This is another orchestral remix from Rob Platt that changes the key signature and offers an original take on the core theme. There’s a little less “shoot to kill” and a lot more wide-eyed despair in this particular version.

Game: ‘Metroid’
Original composer: Hirokazu Tanaka
The Metroid franchise may not be the most commercially successful of Nintendo’s properties, but it’s certainly one of the most critically acclaimed. Over 20 years after its release, Super Metroid is still heralded as a masterpiece; whenever a game critic creates a “Best Video Games of All Time” list, this game is invariably in the Top 10. But Super Metroid’s did not emerge from the ether fully formed; the developers were polishing and perfecting the “explore, loot and shoot” formula that the original Metroid pioneered on the NES. Metroid’s “Brinstar Theme” had a measured, steady pace—sort of like Samus Aran herself—and emphasized, via music, how one is supposed to approach and tackle this game. Bravely, yet carefully, and never shying from a fight.

Remixer: Zachary Hale Comstock
“Zachary Hale Comstock” (someone’s a Bioshock fan) put together this remix of the “Brinstar Theme” when he was 17 years old. He added a basic drum beat and spare instrumentation. It’s a simple and straightforward take, but that’s what makes it so good—any further elaboration would have been superfluous. Plus, the drumming focuses the song’s melody, and renders the entire song more upbeat. Killing Metroids isn’t a walk in the park, but it shouldn’t have to be such a downer either.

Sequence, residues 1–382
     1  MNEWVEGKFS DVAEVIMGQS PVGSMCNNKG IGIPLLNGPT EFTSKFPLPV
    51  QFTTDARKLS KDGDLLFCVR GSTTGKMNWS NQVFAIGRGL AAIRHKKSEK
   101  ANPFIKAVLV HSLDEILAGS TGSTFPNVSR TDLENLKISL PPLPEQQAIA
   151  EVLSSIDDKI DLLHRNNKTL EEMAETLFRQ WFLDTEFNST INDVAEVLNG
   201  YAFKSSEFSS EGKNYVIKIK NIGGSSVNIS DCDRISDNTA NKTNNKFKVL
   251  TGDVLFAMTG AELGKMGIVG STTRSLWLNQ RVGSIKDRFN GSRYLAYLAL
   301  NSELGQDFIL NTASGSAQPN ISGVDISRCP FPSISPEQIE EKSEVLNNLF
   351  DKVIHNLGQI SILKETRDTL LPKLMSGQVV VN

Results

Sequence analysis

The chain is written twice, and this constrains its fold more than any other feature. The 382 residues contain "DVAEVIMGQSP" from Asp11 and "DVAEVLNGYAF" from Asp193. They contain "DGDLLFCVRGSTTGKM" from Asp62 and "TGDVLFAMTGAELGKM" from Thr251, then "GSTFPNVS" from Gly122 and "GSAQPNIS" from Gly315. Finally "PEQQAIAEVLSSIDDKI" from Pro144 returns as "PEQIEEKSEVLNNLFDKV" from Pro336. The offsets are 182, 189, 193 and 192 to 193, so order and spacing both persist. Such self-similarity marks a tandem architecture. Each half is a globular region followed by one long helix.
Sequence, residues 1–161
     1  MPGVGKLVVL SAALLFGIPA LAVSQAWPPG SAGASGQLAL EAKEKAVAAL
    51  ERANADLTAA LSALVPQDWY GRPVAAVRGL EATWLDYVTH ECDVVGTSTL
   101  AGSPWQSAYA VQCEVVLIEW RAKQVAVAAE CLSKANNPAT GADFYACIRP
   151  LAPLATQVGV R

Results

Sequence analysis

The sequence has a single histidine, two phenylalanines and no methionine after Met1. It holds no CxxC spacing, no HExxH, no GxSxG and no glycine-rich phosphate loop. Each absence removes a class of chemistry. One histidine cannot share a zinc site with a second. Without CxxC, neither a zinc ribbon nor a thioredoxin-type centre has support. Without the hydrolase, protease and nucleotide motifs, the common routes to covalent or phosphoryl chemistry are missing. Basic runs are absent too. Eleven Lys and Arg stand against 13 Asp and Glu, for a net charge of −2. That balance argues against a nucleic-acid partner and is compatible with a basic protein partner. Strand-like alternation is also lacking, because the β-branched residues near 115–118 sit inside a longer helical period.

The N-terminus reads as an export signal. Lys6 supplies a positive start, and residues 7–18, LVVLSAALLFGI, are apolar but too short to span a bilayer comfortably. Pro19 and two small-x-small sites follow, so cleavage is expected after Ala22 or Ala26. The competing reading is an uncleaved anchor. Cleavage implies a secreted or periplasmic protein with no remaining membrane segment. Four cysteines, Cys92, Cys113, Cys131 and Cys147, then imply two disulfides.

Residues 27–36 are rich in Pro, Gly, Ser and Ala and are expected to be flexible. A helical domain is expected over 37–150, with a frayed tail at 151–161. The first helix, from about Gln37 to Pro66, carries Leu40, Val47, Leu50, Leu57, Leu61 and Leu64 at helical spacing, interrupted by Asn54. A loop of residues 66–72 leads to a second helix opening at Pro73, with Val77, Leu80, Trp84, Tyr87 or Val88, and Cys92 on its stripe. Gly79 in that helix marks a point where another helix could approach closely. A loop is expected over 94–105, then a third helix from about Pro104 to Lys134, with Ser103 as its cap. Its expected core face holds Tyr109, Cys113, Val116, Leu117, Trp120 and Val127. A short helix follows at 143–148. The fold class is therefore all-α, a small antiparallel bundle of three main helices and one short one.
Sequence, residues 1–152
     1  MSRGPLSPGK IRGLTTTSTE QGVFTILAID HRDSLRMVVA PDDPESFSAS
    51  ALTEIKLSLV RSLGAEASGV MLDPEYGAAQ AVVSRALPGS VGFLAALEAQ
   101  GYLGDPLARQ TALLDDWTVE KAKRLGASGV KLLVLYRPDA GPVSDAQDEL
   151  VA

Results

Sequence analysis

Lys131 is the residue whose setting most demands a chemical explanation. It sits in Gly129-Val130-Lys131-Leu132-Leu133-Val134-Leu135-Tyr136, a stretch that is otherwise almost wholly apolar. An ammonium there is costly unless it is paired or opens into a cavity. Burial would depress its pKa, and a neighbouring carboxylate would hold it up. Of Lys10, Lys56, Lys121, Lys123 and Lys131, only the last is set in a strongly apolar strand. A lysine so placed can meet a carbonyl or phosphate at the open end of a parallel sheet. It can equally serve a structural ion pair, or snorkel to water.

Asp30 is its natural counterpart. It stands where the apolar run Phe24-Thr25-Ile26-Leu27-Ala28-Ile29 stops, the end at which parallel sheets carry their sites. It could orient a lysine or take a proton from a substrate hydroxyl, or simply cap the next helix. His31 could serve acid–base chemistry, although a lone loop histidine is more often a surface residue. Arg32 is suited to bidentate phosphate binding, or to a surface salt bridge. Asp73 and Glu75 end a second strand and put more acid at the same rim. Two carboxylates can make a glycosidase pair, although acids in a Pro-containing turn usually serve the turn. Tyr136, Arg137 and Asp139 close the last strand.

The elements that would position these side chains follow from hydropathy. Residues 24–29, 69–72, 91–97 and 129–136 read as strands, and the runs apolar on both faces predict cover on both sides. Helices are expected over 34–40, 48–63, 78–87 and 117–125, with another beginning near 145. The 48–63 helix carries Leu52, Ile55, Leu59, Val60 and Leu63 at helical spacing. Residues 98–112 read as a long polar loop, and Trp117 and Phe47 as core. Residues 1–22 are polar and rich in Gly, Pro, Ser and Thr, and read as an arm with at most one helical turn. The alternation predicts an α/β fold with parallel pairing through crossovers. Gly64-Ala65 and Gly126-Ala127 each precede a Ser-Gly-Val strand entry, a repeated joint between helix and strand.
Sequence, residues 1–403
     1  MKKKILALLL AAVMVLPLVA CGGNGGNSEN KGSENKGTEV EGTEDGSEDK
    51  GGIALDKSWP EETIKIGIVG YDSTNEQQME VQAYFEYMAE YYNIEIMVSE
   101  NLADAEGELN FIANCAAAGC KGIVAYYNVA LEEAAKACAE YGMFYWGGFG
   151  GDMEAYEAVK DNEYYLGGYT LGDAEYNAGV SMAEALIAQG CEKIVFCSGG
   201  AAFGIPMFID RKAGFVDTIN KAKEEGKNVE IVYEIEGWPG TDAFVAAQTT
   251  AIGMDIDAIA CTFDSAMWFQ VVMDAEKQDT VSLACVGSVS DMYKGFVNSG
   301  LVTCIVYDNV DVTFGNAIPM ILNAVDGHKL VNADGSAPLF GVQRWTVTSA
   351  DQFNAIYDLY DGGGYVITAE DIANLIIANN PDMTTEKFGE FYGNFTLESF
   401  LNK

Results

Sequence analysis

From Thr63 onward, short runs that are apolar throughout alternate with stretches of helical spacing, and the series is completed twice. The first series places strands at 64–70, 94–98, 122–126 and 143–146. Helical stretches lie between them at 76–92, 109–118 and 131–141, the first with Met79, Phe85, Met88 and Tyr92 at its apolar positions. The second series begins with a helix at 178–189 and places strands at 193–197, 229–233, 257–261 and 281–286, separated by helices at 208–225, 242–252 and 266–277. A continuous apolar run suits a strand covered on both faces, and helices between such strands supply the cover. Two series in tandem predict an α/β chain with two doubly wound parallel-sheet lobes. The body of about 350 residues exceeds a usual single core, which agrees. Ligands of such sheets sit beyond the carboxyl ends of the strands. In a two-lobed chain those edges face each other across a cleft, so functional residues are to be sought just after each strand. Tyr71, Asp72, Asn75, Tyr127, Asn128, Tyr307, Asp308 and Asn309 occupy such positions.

Game: ‘The Legend of Zelda: A Link to the Past’
Original composer: Koji Kondo
Similarly to Super Mario Bros. 2, Zelda II: The Adventure of Link challenged our comfort with what a Zelda game ought to be. It mixed up the camera perspective and alternated between the classic bird’s eye view and side-scrolling, where the character moves in profile from left to right. Fans had a mixed response, and it’s no wonder that the proceeding game, The Legend of Zelda: A Link to the Past, reverted back to the original formula. And now, rather than having two main themes as in the first game (one for the Overworld and one for the Underworld/Dungeons), A Link to the Past had a greater diversity of music. One of the most recognizable and heroic songs was the “Hyrule Castle Theme.” A Link to the Past upended traditional storytelling—you saved the Princes at the beginning of the game—and the “Hyrule Castle Theme” established an appropriately foreboding atmosphere.

Remixer: Malcolm Robinson
When Malcolm Robinson remixed the song he took it to its logical conclusion and created a full orchestra rendition. “Official” remixes do this sort of thing all the time, but it’s rare to find a fan with such loving, specific attention to detail.

Game: ‘Chrono Trigger’
Original composers: Yasunori Mitsuda, Nobuo Uematsu
The most underrated aspect of the Super Nintendo, at least in the States, was its library of role playing games, or RPGs. They were to video games what Dungeons and Dragons is to board games—niche experiences with dedicated cult followings. The 16-Bit era was a Golden Age for RPGs. The Sega Genesis had Shining Force and Phantasy Star, but the Super Nintendo had The Big Four: Secret of Mana, Final Fantasy VI, Earthbound, and, of course, Chrono Trigger, the greatest of them all. A time traveling tale, Chrono Trigger had a scope that was unprecedented—seven different eras to explore, from the Stone Age to the dystopian future, and 13 different endings, depending on the butterfly effects your choices created.

Remixer: mv (Xavier Dang)
Xavier Dang, better known as ‘mv,’ created this fantastic remix of “Corridors of Time.” The sitar creates a dreamy mood, and Dang expanded on this train of thought. He arranged swirling, ambient music around the core melody, and the result is a jazzy piece that plays gentle tribute to its source material.

Wing-Man has written about video games and popular culture since 2013, and has been published in multiple online and print publications. Follow him on Twitter to learn more.